Jews and Arabs in Christ

Jews and Arabs are locked in the Middle East in what seems to be and endless, hopeless conflict. Their national interests are described, defended and advanced in such in such a radical way that the two sides repeatedly fail to find common ground. Before any semblance of peace is established, one of the two sides will have to vanquish the other – or the two collapse, exhausted, into each other's arms.

Naturally, Jews and Arabs love their own people and have their best interests at heart. Naturally, the two sides will tend to view the conflict from their own people's point of view. National selfishness, devoid of moral considerations, inexorably leads to an inexorably endless struggle, ever increasing in intensity. Such a process brutalizes both societies while eroding higher aspirations and leading to a desperation that destroys society from within.

There is a better way.

Elsewhere (click here). I discuss the Israeli-Palestinian conflict. Here I offer but a summary of what I believe to be relevant to this issue from a frankly Christian point of view.

A Christian approach to the Middle East conflict must begin where all Christian convictions and perspectives should begin – with the injunctions and implications of the Bible, God's word to man and the guide for man's path.

This is not meant to imply that quoting a few texts and assuming one eschatological system over against another will bring us to the right solution. Eschatology should not be the determining factor, and quotes should reference their native, natural and intended meaning by serving within their original contexts rather than be wrested from their context to serve the interests of a theological system.

God has indeed promised Israel the land. But he also warned the people that they would lose the right to the land if the society they established there was godless and corrupt. Twice the people lost the land because of the society they established there, and Israel's present society is no more godly, no more moral and no more worthy of possessing the land than earlier generations. If eschatology has anything to say to us with respect to the present situation in Israel it is this: Israel must repent and reform before it has the moral right to lay claim to the land.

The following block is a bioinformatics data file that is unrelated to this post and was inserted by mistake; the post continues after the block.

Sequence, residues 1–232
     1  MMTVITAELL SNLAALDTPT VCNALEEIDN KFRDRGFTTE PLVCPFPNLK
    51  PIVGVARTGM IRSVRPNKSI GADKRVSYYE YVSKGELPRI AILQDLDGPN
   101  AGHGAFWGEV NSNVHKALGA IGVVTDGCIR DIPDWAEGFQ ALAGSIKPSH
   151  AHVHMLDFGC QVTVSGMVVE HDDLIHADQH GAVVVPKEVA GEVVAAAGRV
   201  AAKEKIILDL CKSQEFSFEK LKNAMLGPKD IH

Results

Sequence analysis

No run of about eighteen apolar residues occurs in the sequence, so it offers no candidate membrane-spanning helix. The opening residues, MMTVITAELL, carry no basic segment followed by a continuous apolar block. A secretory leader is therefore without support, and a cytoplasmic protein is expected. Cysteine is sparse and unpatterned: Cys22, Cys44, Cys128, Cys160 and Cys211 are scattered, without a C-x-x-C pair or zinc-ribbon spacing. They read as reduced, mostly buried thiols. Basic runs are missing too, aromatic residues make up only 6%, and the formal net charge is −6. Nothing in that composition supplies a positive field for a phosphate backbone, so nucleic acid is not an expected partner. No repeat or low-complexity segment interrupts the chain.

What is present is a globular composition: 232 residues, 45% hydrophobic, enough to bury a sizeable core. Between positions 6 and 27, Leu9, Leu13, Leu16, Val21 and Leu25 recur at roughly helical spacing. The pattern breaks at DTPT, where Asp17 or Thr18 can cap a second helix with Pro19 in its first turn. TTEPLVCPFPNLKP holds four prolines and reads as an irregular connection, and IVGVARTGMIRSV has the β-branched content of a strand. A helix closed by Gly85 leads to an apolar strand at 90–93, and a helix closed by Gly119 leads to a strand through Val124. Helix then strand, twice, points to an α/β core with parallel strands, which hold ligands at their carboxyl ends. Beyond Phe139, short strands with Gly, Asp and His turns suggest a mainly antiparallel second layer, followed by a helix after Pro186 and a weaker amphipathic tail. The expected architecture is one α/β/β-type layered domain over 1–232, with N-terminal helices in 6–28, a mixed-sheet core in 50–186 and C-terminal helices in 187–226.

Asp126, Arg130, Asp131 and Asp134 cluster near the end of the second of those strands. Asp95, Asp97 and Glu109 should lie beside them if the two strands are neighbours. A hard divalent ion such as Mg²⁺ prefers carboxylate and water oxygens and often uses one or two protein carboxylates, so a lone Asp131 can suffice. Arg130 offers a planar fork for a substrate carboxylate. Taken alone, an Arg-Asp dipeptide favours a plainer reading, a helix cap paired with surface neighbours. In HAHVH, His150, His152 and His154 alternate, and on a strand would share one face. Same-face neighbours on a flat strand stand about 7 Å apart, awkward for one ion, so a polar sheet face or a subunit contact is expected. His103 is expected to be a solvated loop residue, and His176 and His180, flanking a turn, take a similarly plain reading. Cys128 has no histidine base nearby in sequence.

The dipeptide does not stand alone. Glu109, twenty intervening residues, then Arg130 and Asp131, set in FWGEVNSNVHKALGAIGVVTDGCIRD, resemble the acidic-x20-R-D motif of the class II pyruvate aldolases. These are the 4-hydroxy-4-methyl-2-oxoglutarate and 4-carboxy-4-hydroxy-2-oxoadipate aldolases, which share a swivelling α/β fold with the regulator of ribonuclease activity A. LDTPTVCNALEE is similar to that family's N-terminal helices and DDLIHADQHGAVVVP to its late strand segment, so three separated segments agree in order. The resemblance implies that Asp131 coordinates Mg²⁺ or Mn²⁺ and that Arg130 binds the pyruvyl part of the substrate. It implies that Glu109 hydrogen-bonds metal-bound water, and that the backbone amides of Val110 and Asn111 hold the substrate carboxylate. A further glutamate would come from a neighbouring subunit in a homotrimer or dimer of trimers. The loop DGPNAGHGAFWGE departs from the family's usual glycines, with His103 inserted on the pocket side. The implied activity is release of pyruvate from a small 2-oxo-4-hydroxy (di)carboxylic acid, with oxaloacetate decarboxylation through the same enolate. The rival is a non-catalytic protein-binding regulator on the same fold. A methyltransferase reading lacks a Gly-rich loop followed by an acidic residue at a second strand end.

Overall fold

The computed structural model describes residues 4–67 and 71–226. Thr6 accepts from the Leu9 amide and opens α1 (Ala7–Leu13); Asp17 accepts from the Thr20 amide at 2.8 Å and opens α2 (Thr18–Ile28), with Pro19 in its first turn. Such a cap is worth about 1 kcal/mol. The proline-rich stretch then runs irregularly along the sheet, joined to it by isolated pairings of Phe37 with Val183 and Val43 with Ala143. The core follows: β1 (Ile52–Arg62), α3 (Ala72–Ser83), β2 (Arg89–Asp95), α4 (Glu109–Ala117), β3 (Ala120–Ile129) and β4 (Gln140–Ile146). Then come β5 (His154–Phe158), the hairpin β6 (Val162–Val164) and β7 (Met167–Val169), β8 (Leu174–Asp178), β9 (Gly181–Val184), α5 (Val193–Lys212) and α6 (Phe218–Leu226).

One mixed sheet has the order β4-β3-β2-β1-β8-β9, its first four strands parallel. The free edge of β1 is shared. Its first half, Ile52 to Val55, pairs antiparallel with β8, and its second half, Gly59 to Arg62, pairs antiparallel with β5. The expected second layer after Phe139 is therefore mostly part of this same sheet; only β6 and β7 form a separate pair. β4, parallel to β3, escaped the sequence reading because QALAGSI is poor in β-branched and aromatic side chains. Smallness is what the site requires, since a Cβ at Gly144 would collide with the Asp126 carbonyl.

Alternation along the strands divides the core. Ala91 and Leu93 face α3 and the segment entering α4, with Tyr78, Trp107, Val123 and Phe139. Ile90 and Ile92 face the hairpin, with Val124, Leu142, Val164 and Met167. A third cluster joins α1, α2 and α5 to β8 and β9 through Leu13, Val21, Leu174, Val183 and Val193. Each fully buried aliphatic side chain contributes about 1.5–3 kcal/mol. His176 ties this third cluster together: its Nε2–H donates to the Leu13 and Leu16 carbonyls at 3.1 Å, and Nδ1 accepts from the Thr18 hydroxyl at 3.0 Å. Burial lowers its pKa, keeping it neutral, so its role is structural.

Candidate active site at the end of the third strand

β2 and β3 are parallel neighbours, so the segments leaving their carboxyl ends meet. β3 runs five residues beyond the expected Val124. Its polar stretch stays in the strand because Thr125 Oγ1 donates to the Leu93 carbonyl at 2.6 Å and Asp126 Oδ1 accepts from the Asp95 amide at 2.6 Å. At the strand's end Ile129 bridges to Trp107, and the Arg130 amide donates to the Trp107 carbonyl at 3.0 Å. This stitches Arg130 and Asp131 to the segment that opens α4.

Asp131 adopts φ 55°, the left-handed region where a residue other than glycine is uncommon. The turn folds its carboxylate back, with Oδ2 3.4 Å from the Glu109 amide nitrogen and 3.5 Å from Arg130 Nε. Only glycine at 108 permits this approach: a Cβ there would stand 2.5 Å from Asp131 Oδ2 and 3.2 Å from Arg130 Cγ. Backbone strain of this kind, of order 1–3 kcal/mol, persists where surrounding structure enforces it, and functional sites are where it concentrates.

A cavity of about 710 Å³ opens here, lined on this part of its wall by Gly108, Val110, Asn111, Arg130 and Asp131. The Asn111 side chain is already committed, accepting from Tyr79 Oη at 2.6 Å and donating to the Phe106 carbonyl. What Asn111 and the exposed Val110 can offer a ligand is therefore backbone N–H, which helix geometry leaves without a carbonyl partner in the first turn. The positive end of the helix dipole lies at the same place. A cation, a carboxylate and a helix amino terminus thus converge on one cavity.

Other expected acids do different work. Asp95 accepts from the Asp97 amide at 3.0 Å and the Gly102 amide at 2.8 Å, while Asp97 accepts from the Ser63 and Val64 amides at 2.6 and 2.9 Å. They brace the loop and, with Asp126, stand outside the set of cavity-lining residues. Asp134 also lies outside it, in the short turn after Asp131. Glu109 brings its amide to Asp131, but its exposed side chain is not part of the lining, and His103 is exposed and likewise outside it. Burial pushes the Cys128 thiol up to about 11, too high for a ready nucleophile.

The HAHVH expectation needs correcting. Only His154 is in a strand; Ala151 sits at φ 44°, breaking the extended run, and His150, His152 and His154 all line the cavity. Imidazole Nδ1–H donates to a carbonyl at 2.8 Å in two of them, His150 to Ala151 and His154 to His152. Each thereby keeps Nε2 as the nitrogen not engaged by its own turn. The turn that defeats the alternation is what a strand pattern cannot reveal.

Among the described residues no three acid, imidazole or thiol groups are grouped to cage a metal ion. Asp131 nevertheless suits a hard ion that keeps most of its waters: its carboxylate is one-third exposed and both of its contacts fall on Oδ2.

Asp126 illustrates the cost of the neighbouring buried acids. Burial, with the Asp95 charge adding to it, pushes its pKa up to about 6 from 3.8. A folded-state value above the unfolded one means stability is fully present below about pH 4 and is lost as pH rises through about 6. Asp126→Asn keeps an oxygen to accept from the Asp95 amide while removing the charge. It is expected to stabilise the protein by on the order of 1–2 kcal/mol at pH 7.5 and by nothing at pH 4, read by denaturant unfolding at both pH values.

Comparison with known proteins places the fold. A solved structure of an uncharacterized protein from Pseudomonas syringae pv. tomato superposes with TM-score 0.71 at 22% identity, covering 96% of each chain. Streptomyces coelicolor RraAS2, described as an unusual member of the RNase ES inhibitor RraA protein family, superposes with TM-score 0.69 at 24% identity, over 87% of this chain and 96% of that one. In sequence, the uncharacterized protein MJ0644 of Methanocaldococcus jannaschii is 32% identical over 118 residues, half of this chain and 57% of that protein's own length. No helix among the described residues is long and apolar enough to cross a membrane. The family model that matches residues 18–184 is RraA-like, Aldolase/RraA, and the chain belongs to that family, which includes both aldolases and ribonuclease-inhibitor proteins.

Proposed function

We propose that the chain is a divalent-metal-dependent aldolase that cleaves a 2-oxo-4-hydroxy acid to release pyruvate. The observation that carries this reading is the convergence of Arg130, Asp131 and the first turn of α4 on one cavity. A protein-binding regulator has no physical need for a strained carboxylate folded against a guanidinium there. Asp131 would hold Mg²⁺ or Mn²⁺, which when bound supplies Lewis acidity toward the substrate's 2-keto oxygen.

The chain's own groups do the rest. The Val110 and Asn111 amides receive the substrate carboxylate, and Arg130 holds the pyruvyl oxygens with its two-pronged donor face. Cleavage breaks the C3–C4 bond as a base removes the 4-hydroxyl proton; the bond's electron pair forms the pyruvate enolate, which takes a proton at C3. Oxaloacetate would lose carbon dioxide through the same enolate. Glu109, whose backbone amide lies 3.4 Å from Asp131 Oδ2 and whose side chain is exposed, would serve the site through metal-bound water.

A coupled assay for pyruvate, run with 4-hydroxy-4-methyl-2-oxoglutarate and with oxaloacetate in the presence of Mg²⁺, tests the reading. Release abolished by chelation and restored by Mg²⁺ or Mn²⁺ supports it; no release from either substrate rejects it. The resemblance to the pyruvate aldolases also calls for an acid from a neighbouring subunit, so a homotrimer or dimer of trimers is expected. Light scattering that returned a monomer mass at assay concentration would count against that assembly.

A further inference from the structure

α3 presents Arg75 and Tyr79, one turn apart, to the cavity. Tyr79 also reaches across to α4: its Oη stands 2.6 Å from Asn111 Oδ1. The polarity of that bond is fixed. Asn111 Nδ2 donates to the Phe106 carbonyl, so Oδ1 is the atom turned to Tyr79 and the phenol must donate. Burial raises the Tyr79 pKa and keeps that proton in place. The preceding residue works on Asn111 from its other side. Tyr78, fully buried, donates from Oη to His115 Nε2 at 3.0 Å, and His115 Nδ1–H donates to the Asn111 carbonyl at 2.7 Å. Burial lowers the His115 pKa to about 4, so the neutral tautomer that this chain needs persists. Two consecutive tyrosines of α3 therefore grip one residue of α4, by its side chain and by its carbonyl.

Christian Zionism – a political platform in the name of Christ – is invalid. No political platform should be promoted in the name of Christ, and no political platform that claims even the slightest reference to Christian principle can be indifferent to moral issues both within Israeli society and in some aspects of its conduct of the Israeli-Palestinian conflict. A prophetic voice is one that dares to call nations into account, and Israel needs bot to hear and to heed just such a call.

Christian Anti-Zionism is no less of a political platform and is no less invalid. Contemporary efforts to yoke Christian principle to the yoke of Palestinian political aspirations are, at best, ill advised. Palestinian society and Palestinian conduct of the conflict with Israel must likewise be subjected to the scrutiny of the word of God and will undoubtedly be found grossly lacking.

Those clamoring most loudly for a kind of perfect justice are, as usual, the cruelest, most intransigent on both sides. They have been allowed to determine the course of the conflict and to stymie every significant effort at its resolution. In an imperfect world, perfect justice is beyond our reach. The only solution is compromise.

So far as I can see, the issues between these two nations must be viewed on historical and moral grounds and the only way forward for both sides to make that kind of concessions that will accord each reasonable scope for the fulfillment of their national aspirations and reasonable securing of their national interests.

Abraham knew God had promised him the land, and he had enough trust in God to avoid conflict with Lot and offer him the liberty of choosing what part of it Lot wanted for himself. That is the example both sides should follow.

There is no point in entering here into the historical and moral arguments made by both sides in support of their respective positions. These are discussed in other papers available elsewhere from this web site (click here). But I do want to say that, being Jewish, the national interests of my own people are not only closer to my heart, but that they should be closer. My duty is toward my people. Being a Christian, I cannot, dare not and do not wish to ignore my people's moral errors both in the conduct of this present conflict and in the structure and function of Israeli society.

Being Christian, I cannot and have no desire to encourage Jewish national selfishness. Another people, created perhaps by a fluke of history but nonetheless now existent, has needs, hopes and longings that have every right to be taken into account as well as our own. Nor can I ignore the moral errors of which Palestinians are engaged as they conduct their conflict with Israel.

I have little doubt that Islam on the one hand and Rabbinic Judaism on the other, have contributed significantly to these errors. Jews and Palestinians, Gentiles and Jews must ultimately turn from themselves and their false religions to God.

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